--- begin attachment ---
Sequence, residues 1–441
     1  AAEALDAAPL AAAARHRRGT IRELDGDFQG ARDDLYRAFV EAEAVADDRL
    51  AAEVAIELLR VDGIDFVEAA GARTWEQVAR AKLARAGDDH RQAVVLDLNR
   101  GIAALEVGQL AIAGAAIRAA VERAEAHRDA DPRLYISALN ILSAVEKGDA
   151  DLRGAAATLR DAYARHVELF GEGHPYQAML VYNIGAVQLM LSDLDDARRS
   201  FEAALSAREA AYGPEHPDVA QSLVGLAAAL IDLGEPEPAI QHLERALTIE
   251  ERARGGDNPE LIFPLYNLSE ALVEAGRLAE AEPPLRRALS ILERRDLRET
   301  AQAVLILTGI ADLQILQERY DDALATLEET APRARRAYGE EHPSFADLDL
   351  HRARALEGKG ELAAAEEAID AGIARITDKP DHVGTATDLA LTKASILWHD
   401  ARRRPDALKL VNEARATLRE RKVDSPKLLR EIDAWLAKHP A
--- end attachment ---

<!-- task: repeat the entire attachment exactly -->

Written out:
Sequence, residues 1–441
     1  AAEALDAAPL AAAARHRRGT IRELDGDFQG ARDDLYRAFV EAEAVADDRL
    51  AAEVAIELLR VDGIDFVEAA GARTWEQVAR AKLARAGDDH RQAVVLDLNR
   101  GIAALEVGQL AIAGAAIRAA VERAEAHRDA DPRLYISALN ILSAVEKGDA
   151  DLRGAAATLR DAYARHVELF GEGHPYQAML VYNIGAVQLM LSDLDDARRS
   201  FEAALSAREA AYGPEHPDVA QSLVGLAAAL IDLGEPEPAI QHLERALTIE
   251  ERARGGDNPE LIFPLYNLSE ALVEAGRLAE AEPPLRRALS ILERRDLRET
   301  AQAVLILTGI ADLQILQERY DDALATLEET APRARRAYGE EHPSFADLDL
   351  HRARALEGKG ELAAAEEAID AGIARITDKP DHVGTATDLA LTKASILWHD
   401  ARRRPDALKL VNEARATLRE RKVDSPKLLR EIDAWLAKHP A